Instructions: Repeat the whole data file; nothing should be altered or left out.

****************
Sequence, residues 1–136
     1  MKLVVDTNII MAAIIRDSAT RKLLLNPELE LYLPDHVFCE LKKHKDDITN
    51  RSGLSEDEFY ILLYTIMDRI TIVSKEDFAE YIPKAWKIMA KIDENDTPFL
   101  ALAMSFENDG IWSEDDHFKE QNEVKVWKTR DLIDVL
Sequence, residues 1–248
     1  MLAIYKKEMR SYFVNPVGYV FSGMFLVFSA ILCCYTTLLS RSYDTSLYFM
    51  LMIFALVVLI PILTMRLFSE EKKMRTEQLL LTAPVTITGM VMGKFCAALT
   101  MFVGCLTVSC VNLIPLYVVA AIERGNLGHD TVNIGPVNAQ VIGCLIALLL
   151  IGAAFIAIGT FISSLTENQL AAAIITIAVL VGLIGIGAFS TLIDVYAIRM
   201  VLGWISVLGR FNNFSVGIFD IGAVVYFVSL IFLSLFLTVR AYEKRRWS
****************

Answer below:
Sequence, residues 1–136
     1  MKLVVDTNII MAAIIRDSAT RKLLLNPELE LYLPDHVFCE LKKHKDDITN
    51  RSGLSEDEFY ILLYTIMDRI TIVSKEDFAE YIPKAWKIMA KIDENDTPFL
   101  ALAMSFENDG IWSEDDHFKE QNEVKVWKTR DLIDVL
Sequence, residues 1–248
     1  MLAIYKKEMR SYFVNPVGYV FSGMFLVFSA ILCCYTTLLS RSYDTSLYFM
    51  LMIFALVVLI PILTMRLFSE EKKMRTEQLL LTAPVTITGM VMGKFCAALT
   101  MFVGCLTVSC VNLIPLYVVA AIERGNLGHD TVNIGPVNAQ VIGCLIALLL
   151  IGAAFIAIGT FISSLTENQL AAAIITIAVL VGLIGIGAFS TLIDVYAIRM
   201  VLGWISVLGR FNNFSVGIFD IGAVVYFVSL IFLSLFLTVR AYEKRRWS